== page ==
Lockheed Constellation

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Primary Function:
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Weight Empty:
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Wright Radials
4 x 3,350 hp ea.
116 ft. 2 in.
126 ft. 2 in.
79,700 lbs.
138,000 lbs.
340 mph
380 mph
1,650 fpm
24,000 feet
5,400 miles


The Lockheed Constellation began a new era in fast speed, non-stop, coast to coast and trans-oceanic flight. On June 1, 1946 a Pan Am Constellation made the first scheduled flight from the U.S. to England.

The Lockheed Constellation has a wing design based on the company's fighter aircraft, the P-38. The three tails were incorporated into its design instead of a single tall tail in order to make the aircraft easier to fit into lower hangars.

Flying the Lockheed Constellation is a combination of old and new. The Constellation is a large aircraft, even by today's standards. However it is not a difficult aircraft to taxi.

About the most difficult issue with ground handling of the Lockheed Constellation is getting the aircraft in position on its under carriage for flight, known as "on step". The landing gear of the Lockheed Constellation is designed to make ground handling smoother. During engine run-up, without careful throttle and braking management, the aircraft could jerk forward or backward.

When the aircraft is ready for take off and positioned at the end of the runway, flaps are set to take off position and engines are run to 2,700 rpm at 40 in. pressure. After the brakes are released, rotation speed is reached surprisingly fast for a large propeller driven aircraft.

Once off the runway, the flaps and landing gear of the Lockheed Constellation can be retracted. At a safe speed of around 175 mph, one can get a feel for the handling of the large aircraft. It is very much like flying other aircraft of its era. That is to say it takes a firm hand to get it to respond to control inputs.

Once a safe altitude is reached, one can experiment with stalls. With a light load aboard, the Lockheed Constellation can be slowed to less than 100 mph before a straight ahead stall takes place. The aircraft will even fly with two engines out on the same wing. For all its mass and heavy controls, it is an easy aircraft to fly.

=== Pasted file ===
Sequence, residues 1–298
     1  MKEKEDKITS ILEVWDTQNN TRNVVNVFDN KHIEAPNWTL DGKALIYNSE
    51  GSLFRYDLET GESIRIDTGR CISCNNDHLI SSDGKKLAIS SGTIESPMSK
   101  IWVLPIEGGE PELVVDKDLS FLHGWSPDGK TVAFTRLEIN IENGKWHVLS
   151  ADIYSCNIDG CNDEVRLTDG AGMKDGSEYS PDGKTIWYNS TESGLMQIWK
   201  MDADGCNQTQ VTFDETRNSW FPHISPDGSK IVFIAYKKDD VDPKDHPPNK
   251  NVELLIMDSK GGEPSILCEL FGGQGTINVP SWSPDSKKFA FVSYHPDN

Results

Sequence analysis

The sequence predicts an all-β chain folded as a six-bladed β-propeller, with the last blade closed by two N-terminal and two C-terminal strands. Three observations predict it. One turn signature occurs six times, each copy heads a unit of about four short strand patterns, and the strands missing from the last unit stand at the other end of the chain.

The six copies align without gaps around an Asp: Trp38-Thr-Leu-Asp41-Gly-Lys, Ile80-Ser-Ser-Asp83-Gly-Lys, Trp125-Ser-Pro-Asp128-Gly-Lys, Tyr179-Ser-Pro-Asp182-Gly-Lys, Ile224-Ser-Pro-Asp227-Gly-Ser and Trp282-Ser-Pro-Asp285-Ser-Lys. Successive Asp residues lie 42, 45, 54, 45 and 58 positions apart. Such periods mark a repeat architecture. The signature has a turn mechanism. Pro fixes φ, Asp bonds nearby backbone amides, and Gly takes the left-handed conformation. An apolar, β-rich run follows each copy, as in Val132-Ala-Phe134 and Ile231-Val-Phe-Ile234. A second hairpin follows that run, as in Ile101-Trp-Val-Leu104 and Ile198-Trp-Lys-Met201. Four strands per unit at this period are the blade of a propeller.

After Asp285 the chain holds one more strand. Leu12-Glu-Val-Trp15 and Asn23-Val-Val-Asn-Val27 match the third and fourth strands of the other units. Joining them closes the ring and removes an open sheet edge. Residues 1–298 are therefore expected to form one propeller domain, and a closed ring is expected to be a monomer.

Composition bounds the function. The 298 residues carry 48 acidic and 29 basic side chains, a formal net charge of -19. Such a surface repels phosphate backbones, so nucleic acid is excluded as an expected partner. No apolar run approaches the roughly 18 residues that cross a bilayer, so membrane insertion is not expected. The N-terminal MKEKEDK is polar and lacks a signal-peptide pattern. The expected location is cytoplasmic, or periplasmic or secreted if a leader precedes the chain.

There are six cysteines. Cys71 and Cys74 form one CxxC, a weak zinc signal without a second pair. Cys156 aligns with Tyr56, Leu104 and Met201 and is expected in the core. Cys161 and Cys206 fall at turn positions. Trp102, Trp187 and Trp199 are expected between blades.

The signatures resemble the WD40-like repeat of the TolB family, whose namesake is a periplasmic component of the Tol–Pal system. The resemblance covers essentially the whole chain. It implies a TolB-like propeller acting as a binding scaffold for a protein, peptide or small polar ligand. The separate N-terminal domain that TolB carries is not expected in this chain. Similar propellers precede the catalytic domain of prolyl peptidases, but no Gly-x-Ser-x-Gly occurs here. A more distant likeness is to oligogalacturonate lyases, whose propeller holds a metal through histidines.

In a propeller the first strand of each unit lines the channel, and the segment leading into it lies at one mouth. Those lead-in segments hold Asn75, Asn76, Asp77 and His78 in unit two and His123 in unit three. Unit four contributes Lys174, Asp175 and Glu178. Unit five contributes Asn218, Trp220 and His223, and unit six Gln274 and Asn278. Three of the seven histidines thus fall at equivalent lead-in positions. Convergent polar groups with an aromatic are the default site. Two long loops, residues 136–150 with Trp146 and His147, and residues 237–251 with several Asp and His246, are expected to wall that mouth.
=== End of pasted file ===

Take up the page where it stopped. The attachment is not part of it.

Landings are also easily accomplished. The Lockheed Constellation will descend at a fairly fast rate at around 160 mph without gaining a great deal of speed once its flaps are set for landing. Full flaps are used to greatly slow the large aircraft once over the end of the runway. This should be done at around 110 mph to maintain maximum control.

In 1959 a Lockheed Constellation used to transport U.S. President Eisenhower became the first aircraft to be designated "Air Force One".

A total of 856 Lockheed Constellation aircraft of all types were produced.

Lockheed Constellation

Lockheed Constellation

The U.S.A.F. awarded a contract to build the Lockheed Constellation, designated EC-121 Warning Star, pictured above in 1951. In 1953 the aircraft were first deployed with the Air Defense Command. They patrolled the coastal areas of the United States in conjunction with the DEW (Distance Early Warning) Line.

The Lockheed Super Constellation EC-121 Warning Star is basically a Lockheed Super Constellation airliner modified for early warning duties. The domes above and beneath the fuselage house a total of 12,000 lbs. of electronics.

During the Vietnam War, the Lockheed Constellation guided aircraft to downed pilots, directed aircraft to refueling planes, and guided U.S. interceptor aircraft.

On Oct. 24, 1967, while patrolling above the Tonkin Gulf, a Lockheed Constellation serial number 53-555, "Triple Nickel" directed an American F-4 Phantom by radar to intercept a MiG-21. This was a first victory ever of one aircraft over another made possible with the guidance of a flying, radar equipped airplane. The "Triple Nickel" Lockheed Constellation was retired to the USAF Museum, Dayton, Ohio in 1971.

Lockheed Constellation

Lockheed Constellation

The spectacular Lockheed Constellation built by Carl Bachhuber has a 15 foot wingspan and a length of over 11 feet. Carl uses four Fuji BT-32 engines for power.

Carl tells us that take off distance is in around 150 feet. It flies straight and true. The engines have good power for fast flying. Even in strong cross winds, it takes off and lands with little trouble

The Lockheed Constellation from Don Smith Plans has a 134 in. wingspan and 103 1/2 in. length. Construction is from balsa and plywood. It is powered by four .91 engines.